I posted a while back about how to you a cryptographic hash as a way to identify differences in BLOBs for storage within SQL Server. Looking back I realized it was more of an abstract explanation and I was just recently asked for real world example, so here it is.
The first thing I do I pick a column from the 'stream', which is a way of saying 'all of the columns that have been acquired in the SSIS package until now. This would be any columns that are selected from a source and/or added via derived columns. I have imported my .pdfs under the column name 'FileData'. The image below shows how I select that as the source for my script.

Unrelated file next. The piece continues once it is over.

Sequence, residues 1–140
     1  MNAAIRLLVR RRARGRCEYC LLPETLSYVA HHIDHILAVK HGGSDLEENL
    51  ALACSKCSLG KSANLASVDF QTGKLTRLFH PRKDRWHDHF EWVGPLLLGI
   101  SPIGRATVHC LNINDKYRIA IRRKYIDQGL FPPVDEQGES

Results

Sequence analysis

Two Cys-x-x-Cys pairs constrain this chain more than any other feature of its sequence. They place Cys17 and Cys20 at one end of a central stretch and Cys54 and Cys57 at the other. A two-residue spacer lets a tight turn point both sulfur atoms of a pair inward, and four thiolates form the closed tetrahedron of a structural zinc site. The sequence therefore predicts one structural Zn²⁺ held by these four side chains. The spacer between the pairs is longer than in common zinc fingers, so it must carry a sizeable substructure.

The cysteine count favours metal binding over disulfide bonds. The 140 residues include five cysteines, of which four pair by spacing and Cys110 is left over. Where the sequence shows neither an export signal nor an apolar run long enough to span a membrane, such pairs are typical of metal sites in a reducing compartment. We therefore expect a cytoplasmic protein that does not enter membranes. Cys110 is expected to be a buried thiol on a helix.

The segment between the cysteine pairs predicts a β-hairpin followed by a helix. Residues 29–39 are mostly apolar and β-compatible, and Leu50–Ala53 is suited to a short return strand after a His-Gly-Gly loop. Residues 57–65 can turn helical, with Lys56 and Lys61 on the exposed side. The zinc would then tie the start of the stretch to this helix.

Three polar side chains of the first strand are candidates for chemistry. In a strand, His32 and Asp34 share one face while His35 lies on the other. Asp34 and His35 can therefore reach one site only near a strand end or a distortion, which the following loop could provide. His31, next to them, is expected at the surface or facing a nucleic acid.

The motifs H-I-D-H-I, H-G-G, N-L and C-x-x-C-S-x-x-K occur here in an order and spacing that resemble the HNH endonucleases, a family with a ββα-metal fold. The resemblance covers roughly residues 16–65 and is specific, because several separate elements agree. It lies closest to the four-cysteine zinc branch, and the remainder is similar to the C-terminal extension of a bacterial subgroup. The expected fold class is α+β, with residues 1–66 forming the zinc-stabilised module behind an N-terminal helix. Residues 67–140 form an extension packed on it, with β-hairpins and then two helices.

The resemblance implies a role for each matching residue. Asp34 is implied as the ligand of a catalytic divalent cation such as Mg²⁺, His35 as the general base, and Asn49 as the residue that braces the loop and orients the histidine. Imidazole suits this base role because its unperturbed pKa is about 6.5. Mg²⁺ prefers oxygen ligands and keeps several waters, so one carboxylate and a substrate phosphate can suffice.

I now have to do a little manual labor to set up the script so it can process the incoming data and properly produce an output column. If you notice I created an output column called 'Fingerprint', it is of type DT_BYTES and it is of length 20. I know the length because the SHA algorithm produces a 20 byte (160 bit) output regardless of the input (see my post about cryptographic hash functions )
Below is the simple one line script that takes my input column FileData and transforms it into Fingerprint
Now that I have Fingerprint in my downstream, I can use it like any other derived column. Here is use it in a Lookup object to check if that specific Fingerprint exists. If it does, I toss it out, otherwise I insert that with a few other columns later on in the package.